Fork me on GitHub

Recently we had to integrate a chat-like comment feature to our new Winnin App Our backend team decided to build it using websockets, so when it came to the app implementation, my first thought was to search for an opensource swift framework that did confirm to the Websocket Protocol. We decided to go with Starscream since it seemed simple and reliable enough.

Fork me on GitHub

These days I had to convert the core of an iOS app to a framework that could be shared between projects. It was fairly simple considering the “new” framework products available in Xcode. I managed to build it with the desired public headers, copied it from the “Products” folder to the new project and everything flowed smoothly.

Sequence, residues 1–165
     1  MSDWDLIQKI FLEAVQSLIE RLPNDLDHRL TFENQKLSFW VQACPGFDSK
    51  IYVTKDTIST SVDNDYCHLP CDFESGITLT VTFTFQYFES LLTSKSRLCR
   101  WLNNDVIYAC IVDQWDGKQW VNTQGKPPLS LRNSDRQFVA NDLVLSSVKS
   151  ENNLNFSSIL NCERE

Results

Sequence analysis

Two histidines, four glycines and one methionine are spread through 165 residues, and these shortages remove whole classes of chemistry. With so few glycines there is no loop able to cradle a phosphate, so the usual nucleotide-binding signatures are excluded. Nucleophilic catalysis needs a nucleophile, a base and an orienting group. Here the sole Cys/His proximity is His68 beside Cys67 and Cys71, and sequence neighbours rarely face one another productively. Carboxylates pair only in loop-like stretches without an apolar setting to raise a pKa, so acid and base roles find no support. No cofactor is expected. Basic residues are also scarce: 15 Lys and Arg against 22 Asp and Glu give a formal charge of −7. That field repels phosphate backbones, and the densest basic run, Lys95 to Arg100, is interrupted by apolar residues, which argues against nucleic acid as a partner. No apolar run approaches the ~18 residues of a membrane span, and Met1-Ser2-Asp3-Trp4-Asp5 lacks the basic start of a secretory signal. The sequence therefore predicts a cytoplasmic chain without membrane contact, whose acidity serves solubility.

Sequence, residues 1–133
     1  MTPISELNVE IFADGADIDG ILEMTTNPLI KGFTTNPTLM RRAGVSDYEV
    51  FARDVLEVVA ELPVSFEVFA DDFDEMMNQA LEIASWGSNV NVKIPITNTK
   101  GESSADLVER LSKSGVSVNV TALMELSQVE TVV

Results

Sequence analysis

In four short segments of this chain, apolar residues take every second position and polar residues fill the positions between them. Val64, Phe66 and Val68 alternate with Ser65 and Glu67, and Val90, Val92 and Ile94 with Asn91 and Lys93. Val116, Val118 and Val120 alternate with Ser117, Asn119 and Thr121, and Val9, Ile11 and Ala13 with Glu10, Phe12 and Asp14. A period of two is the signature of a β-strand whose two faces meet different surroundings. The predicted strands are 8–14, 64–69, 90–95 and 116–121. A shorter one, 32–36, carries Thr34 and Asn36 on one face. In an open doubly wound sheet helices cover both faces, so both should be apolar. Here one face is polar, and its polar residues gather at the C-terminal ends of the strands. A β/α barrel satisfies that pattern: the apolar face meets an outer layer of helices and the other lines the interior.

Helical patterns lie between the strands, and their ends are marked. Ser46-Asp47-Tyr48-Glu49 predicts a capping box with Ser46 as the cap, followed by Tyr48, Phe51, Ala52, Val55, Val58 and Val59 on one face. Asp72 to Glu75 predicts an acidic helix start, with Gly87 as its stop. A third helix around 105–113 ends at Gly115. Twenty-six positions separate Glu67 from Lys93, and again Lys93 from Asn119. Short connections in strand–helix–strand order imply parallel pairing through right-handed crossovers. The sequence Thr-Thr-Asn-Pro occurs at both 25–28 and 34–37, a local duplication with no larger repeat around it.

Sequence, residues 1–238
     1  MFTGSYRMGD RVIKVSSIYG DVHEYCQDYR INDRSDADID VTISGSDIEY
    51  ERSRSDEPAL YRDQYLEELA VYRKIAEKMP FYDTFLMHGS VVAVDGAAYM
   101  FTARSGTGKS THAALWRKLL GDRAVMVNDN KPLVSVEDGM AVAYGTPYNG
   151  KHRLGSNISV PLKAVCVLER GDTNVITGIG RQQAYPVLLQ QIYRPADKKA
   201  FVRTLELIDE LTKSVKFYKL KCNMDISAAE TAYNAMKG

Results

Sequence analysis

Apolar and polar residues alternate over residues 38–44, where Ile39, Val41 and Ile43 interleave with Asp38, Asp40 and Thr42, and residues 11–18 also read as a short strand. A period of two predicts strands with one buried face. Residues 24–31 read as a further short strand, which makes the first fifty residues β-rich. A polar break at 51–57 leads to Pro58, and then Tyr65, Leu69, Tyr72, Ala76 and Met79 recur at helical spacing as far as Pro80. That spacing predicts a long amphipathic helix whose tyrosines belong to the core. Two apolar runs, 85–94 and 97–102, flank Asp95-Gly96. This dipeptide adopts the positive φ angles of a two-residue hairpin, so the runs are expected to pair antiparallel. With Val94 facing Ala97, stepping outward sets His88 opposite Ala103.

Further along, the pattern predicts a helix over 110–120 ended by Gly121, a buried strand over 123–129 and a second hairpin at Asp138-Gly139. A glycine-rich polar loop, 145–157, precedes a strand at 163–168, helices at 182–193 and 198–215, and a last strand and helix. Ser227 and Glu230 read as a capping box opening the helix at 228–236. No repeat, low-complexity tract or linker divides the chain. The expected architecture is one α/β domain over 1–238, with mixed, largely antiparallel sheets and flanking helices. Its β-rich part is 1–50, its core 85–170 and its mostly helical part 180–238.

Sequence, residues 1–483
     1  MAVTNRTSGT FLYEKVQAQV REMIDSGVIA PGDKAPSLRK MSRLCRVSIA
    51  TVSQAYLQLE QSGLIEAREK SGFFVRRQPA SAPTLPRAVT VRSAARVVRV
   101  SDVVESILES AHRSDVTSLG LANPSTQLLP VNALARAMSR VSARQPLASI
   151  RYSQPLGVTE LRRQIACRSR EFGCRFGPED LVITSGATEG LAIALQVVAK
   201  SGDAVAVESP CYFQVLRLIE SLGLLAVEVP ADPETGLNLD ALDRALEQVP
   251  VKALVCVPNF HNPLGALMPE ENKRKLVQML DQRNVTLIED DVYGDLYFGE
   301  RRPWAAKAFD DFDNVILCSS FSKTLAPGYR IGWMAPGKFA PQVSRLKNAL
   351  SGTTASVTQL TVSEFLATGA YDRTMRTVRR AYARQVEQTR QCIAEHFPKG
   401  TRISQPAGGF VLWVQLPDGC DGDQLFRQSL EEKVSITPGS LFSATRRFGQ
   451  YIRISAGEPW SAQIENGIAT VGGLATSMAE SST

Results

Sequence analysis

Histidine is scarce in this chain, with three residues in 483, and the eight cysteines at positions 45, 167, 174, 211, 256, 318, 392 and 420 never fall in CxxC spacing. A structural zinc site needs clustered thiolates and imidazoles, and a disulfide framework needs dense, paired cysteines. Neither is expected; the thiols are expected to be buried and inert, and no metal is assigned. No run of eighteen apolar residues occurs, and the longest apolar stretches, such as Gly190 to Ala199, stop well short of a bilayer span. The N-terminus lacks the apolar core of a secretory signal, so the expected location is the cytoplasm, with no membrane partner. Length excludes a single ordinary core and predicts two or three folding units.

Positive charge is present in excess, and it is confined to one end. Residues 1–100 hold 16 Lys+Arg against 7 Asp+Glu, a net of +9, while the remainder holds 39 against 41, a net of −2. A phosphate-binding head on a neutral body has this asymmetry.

Fork me on GitHub

Finally! After long overdue, this lovely little blog has been updated. And upgraded. From one press to another. So long Wordpress, hello Octopress! And we’re now hosted on Github. So, if I ever get lucky and have a truly successful post, there’s no need to worry with the blog being down.

Have you ever used git-blame to blame on people? I have and I was wrong more often than I was right. When I wasn’t the one blaming others, the fingers almost always pointed at me when something went wrong. The problem with “default” git-blame and Xcode’s blame view is that it only shows the last person that committed the lines in question and, not necessarily, wrote them.

How would you explain the following code never getting into the if clause? Bear in mind I already knew it to be true at least once. I was an absolute true.

1
2
3
4
5
6
7
8
9
10
for (UIView *subview in view.subviews)
{
    CGFloat subviewAlpha = subview.alpha;
    CGFloat myAlpha = 0.15f;
    if (subviewAlpha == myAlpha &&
        [subview isKindOfClass:NSClassFromString(@"_UIPopoverViewBackgroundComponentView")])
    {
        subview.alpha = 0.f;
    }
 }